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Go Back   SailNet Community > On Board > Gear & Maintenance > The mystery of the Marine Environment
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Thread: The mystery of the Marine Environment Reply to Thread
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Topic Review (Newest First)
03-15-2008 01:33 PM
Maine Sail
My drill press..

It's funny, when we first bought our house on the ocean, we still had two homes. One of the first tools I brought from inland was my drill press. We then took a three week sailing vacation and when I came back my drill press had gone from looking really good, for a ten year old drill press, to looking like the photo in a very short time! Before I brought the rest of my tools up to the new house and I did coat them first and gave most a good coating. The only tools I have that look like that are my Roto Zip, Bench Grinder and my Drill Press... One of these days I'll get a new one, and treat it better, but the parts that matter still work fine even though it looks like crap...

Moving from inland to the ocean gives new meaning to "care and feeding of tools"....

I now also have a de-humidifier in my barn/work shop and a pellet stove for winter and they really help..
03-15-2008 01:17 PM
xtatico1404 yes agree that there are some things that need to be marinized....but a lot of things do not. I guess it depends on the object, and of course there will be regions where corrossion is harsher, such as in the tropics.

Yes corrossion can be major in some things. I spent 4 years on an aircraft carrier working with fueling the aircraft. Every time that we pulled into port it was a huge battle against corrossion. We would strip the stations down to bare steel, prime it, paint it, and after pulling back in, the same thing would be done. Corrossion did not attack the fuel pipes at all (just some paine needed every now and then, but the stanchions that hold the pipes in place, heavily corroded.

I certainly agree that TV (from Walmart), rigging (marinized), safety gear (marinized).....a lot of the interior stuff can be non-marinized.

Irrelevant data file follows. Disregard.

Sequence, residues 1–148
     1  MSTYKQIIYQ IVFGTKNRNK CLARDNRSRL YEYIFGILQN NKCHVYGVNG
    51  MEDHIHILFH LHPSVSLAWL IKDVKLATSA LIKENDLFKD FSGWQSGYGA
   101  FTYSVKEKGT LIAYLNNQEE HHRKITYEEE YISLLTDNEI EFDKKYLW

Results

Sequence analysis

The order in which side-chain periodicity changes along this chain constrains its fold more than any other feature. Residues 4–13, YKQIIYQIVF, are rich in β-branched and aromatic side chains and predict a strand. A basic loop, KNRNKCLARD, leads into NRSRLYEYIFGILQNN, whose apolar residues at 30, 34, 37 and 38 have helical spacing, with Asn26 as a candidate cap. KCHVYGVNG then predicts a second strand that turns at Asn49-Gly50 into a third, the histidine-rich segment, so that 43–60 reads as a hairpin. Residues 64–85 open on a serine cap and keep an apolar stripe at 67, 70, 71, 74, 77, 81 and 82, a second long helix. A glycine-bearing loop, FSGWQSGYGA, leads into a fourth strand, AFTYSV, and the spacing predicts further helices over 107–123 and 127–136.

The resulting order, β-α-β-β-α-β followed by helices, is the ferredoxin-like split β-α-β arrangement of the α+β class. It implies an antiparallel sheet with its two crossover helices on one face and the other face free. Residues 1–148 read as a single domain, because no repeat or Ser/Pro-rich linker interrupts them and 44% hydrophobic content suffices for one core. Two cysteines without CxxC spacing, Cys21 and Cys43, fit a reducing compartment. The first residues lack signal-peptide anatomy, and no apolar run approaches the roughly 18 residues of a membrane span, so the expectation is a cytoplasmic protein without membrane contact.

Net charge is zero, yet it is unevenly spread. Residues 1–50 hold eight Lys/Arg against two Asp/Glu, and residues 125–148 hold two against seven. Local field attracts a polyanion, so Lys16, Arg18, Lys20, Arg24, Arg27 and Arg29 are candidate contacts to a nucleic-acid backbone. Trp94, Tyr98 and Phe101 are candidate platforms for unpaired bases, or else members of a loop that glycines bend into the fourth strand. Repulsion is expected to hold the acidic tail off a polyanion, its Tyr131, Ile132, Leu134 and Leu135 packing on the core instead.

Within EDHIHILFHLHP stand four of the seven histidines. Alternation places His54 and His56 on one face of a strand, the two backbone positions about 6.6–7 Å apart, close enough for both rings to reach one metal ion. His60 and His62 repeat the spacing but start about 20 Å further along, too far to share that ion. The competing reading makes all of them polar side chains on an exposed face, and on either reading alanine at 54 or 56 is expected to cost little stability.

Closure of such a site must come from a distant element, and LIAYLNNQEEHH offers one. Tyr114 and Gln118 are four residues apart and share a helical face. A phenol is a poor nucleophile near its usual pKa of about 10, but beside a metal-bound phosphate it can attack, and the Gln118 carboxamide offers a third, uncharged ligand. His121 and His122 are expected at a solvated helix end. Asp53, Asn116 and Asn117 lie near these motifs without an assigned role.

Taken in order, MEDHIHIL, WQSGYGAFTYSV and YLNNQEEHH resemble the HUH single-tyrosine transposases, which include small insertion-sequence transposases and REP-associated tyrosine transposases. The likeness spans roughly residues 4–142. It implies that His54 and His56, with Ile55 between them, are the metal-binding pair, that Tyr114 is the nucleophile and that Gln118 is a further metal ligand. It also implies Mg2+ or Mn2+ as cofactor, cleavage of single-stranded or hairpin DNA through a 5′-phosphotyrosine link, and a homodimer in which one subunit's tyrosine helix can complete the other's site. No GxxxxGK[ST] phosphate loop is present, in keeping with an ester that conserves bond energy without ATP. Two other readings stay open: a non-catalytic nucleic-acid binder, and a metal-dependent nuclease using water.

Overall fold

03-15-2008 12:54 PM
LarryandSusanMacDonald
Quote:
Thanks for cutting thru the hype Chuck. You are entirely correct. What is the value in paying 8 times the price for an item when it will only last twice as long? Especially for creature-feature type stuff? Now I don't skimp on the stuff that keeps me upright and afloat, but a maranized cd player? No thanks! A 38-dollar unit from Wally World works fine and I throw it away when it corrodes.
Couldn't agree more. I have two 20lb propane tanks I picked up at home depot for about $25. each. Had to replace them when they mandated that overflow device thingy - but compared to the $300. west marine wants for aluminum? Mine are just fine. The first set lasted 5 years, the second is going on six and they're just fine - I keep them in a custom box on the back deck. I'm sixty two years old. Do the math. $50 for 2 or $600 for 2 and they'll last ten years, easy. Let's see, I'd have to live to be 122. We're currently on the Chesapeake also, but have accumulated several years in Florida and the Bahamas.

I personally have a little salt encrustation but I'm planning on taking a shower someday.
03-15-2008 12:44 PM
chucklesR Alright gentlemen, post pictures of your pristine drill presses or leave poor Hal alone.

Mine, at 5 years old, looks like Hal's but dustier because of the oil trapping the dust.
03-15-2008 10:50 AM
TrueBlue
Quote:
Originally Posted by sailingdog View Post
I think Sailaway's right... what you don't see it the three identical drill presses in the same room, one of which has been coated with WD40, one with light machine oil and one with Boeshield T9. Halekai is only showing the control unit.